Apple has increased the repairability scores of iPhones and MacBooks in its online stores in France to comply with the new French law that came into effect this year. MacGeneration According to the report, the rating takes into account features such as the ease of disassembly of the equipment and the availability of maintenance manuals and spare parts. A link to the final score for each product can be found on this support page, as well as detailed information on how to calculate them.
The ratings of Apple products vary by product and generation. For example, all scores of its iPhone 12 series accounted for 6 out of 1
The maintainability score is required by the new French law, which went into effect on January 1 and issued new anti-spam regulations. The results of the scores of different manufacturers on the website show that last year only 40% of electrical equipment in France were repaired after failures. The government’s goal is to increase the score to 60% within five years by using the score to educate consumers and put pressure on manufacturers to make improvements.
This is not a perfect system. Radio france internationale Please note that manufacturers calculate their own scores (albeit based on strict guidelines), and they can obtain simple scores through simple methods such as providing more information about software updates.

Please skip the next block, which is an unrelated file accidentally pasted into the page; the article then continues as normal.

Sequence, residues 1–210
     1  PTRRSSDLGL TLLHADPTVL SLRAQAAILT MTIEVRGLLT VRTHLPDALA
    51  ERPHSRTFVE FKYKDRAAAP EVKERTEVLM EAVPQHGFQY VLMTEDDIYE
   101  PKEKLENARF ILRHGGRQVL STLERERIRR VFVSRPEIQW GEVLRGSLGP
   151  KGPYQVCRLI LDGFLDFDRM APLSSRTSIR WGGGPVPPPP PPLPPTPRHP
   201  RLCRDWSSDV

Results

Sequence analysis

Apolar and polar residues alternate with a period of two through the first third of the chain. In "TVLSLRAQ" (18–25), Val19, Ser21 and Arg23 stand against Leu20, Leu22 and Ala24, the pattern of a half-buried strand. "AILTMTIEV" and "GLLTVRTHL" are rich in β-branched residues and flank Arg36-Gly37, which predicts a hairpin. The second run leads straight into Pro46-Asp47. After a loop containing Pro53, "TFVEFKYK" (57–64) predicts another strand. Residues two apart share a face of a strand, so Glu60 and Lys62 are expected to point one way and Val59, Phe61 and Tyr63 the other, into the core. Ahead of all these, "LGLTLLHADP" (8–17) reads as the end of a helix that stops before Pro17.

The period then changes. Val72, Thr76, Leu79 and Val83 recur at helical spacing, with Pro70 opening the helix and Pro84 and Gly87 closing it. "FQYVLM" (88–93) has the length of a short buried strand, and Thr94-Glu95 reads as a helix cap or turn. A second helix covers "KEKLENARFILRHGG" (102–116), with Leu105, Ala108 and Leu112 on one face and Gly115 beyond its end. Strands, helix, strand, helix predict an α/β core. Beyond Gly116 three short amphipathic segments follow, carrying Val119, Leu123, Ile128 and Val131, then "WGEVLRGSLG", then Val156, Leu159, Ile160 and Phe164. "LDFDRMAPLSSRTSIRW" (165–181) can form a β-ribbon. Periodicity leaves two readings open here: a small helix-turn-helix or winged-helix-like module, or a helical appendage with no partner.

At least one manufacturer has made changes in accordance with the law.Report from world Samsung pointed out that Samsung has provided an online repair guide for its Galaxy S21 Plus, which is obviously to improve its repairability score compared to the previous year’s models. The European Union has used similar measures in the past to encourage energy efficiency, where the label provides simple information about the energy consumption of household products.
The new French law is still in its early stages, and it will not be until 2022 that companies face fines for failing to comply with the relevant laws. However, there is already hope that the plan (currently covering smartphones, laptops, TVs, washing machines and lawn mowers) will be expanded to more product categories in the future. With the European Parliament’s vote on the right to repair rules last year, there is hope that similar measures will be implemented across the African continent.